While the newly installed floor is being installed, these spacers are placed between the wall and the floor, ensuring that the floor remains accurate throughout. As soon as the installation is completed, the spacers are removed, and the baseboards and half-rounds are installed to ensure the floor maintains its place.
Additionally, the T mold ensures sufficient expansion space on the floor during floating installations. You can install the T mold if your doorway, archway, hallway, or opening between rooms is less than five feet wide. The proper expansion space can be maintained by installing tea molds between different spaces so that each room can expand and contract independently.
What Happens If There’s No Expansion Gap?
Suppose a floating floor is forced to fit too tightly around an air vent register, and the floor expands with the change of seasons. In this case, the planks around the vent will push against the register and cause the floor to buckle upward.
Similarly, if the floor contracts and begins moving toward the center of the room, the planks along the exterior of the register next to the wall will not have enough space to move inward with the rest of the installation and will eventually separate.
It may sound dramatic, but with a floating installation, it’s essential to have a free-flowing floor, not to secure any plank to the subfloor.
There will be a 1-inch gap on the opposite side of the room if a floating floor has pinned down planks along its perimeter. Each shrinks towards the pinned-down plank. In reality, the floor isn’t shrinking more. It’s more apparent because that one plank is held in place. Ensure that no planks are pinned down so that the total expansion or traction is distributed evenly.
Therefore, no cabinets or other permanent fixtures are allowed on floating floors, and the planks must never be nailed or screwed through.
In simple words, your vinyl floor will eventually buckle if there is no expansion gap around the perimeter, and this will cause gaps between the planks.
How To Avoid Buckling?
There is a tendency for vinyl plank flooring to buckle regardless of the installation type, whether loose lay, glued down or click-together. If the tiles attempt to expand, but there’s nowhere for them to do so, they buckle. Some tiles move upward, while others move downward.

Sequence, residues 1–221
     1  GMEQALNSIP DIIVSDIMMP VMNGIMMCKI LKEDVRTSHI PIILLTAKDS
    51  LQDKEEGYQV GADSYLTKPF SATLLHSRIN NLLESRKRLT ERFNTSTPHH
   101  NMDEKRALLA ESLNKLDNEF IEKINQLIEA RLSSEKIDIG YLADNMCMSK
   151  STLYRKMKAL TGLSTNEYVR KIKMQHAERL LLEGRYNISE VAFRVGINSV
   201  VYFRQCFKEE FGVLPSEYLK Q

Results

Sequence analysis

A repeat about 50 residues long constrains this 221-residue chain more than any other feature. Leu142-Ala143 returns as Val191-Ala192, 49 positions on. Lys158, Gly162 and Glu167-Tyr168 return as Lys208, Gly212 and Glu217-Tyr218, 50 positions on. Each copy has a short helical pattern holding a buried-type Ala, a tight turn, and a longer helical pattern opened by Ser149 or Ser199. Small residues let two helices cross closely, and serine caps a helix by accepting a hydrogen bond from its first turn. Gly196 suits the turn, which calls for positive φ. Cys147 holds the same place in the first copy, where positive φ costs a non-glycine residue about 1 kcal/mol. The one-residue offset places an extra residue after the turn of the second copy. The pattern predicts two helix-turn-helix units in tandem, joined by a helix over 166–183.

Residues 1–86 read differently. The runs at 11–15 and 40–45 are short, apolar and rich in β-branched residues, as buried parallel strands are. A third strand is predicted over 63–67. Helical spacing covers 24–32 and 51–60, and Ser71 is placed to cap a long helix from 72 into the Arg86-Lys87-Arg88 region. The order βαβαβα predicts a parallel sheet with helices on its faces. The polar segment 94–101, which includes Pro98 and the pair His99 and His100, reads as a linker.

To avoid buckling, ensure you don’t have groundwater slippage in your subfloor, and your vinyl planks are protected from direct sunlight because these two factors can cause vinyl floors to buckle.
There are many reasons why your vinyl floor is buckling, so it is worth understanding the causes to help you take the necessary precautions to stop it. Therefore, please read the article below to know why your vinyl plank floor is buckling and how to fix it.
Must Read: 5 Reasons Why Your Vinyl Plank Floor Buckling (Guide To Fix It)
What Causes Gaps in Vinyl Plank Floors?
Buckling is just one of the issues that could cause gaps in vinyl floors. Other issues include using low-quality adhesive, failing to properly secure the floor after installation, dragging heavy objects over the surface, leaving an excessive perimeter expansion area, and exposing the floor directly to sunlight.
You can read about these issues and their solutions in detail in the below-mentioned article. I have also provided information on how to fix gaps in different types of vinyl plank flooring in this article as well.
Must Read: How to Fix Gaps in Vinyl Plank Flooring? (5 Easy Steps)
Vinyl Installation Do’s and Don’ts
- Your floor and room must be acclimated before installing new flooring.
- For click-lock vinyl, leave an expansion gap of three to seven millimeters.
- The subfloor needs to be leveled properly.
- If you are installing over concrete, use a vapor barrier.
- Be prepared for bump outs.
- Small boards should be used to end rows.
- Make sure door jambs and trims are cut.
- Always read the instructions that came with your product.
- Using fancy equipment
- Don’t install vinyl or LVT tile with an adhesive that isn’t approved for the purpose.
- Walking on your vinyl flooring after installation.
- Installing planks by hammering them.
- Using pins to secure vinyl planks around the perimeter.
Read More on Vinyl Floors
- 5 Reasons Why Your Vinyl Plank Floor Buckling (Guide To Fix It)
- How to Fix Gaps in Vinyl Plank Flooring? (5 Easy Steps)
- Does Vinyl Flooring Fade in the Sun? (6 Ways to Prevent From Fading)
- How to Fix Vinyl Flooring Seams? (A Step By Step Approach)
- 5 Best Way to Remove Burn Marks From Vinyl Floor (Must-Try!)